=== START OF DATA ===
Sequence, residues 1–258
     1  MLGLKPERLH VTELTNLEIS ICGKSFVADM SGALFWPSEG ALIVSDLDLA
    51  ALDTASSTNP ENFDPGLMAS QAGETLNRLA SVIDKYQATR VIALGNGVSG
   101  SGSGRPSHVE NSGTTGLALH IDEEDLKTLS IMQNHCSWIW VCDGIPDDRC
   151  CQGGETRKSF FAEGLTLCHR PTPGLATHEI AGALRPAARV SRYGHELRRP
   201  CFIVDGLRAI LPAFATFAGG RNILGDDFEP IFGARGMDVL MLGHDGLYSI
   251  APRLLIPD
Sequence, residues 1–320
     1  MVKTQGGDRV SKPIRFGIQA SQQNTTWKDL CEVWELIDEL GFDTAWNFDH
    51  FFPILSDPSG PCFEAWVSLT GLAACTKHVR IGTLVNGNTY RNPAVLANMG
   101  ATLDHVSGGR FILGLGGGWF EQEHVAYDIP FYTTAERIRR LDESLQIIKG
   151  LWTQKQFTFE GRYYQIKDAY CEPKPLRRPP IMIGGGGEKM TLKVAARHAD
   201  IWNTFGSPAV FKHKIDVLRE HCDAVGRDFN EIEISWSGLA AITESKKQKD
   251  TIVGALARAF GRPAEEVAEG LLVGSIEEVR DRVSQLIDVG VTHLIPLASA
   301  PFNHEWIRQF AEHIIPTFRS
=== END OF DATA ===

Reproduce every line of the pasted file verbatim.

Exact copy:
Sequence, residues 1–258
     1  MLGLKPERLH VTELTNLEIS ICGKSFVADM SGALFWPSEG ALIVSDLDLA
    51  ALDTASSTNP ENFDPGLMAS QAGETLNRLA SVIDKYQATR VIALGNGVSG
   101  SGSGRPSHVE NSGTTGLALH IDEEDLKTLS IMQNHCSWIW VCDGIPDDRC
   151  CQGGETRKSF FAEGLTLCHR PTPGLATHEI AGALRPAARV SRYGHELRRP
   201  CFIVDGLRAI LPAFATFAGG RNILGDDFEP IFGARGMDVL MLGHDGLYSI
   251  APRLLIPD
Sequence, residues 1–320
     1  MVKTQGGDRV SKPIRFGIQA SQQNTTWKDL CEVWELIDEL GFDTAWNFDH
    51  FFPILSDPSG PCFEAWVSLT GLAACTKHVR IGTLVNGNTY RNPAVLANMG
   101  ATLDHVSGGR FILGLGGGWF EQEHVAYDIP FYTTAERIRR LDESLQIIKG
   151  LWTQKQFTFE GRYYQIKDAY CEPKPLRRPP IMIGGGGEKM TLKVAARHAD
   201  IWNTFGSPAV FKHKIDVLRE HCDAVGRDFN EIEISWSGLA AITESKKQKD
   251  TIVGALARAF GRPAEEVAEG LLVGSIEEVR DRVSQLIDVG VTHLIPLASA
   301  PFNHEWIRQF AEHIIPTFRS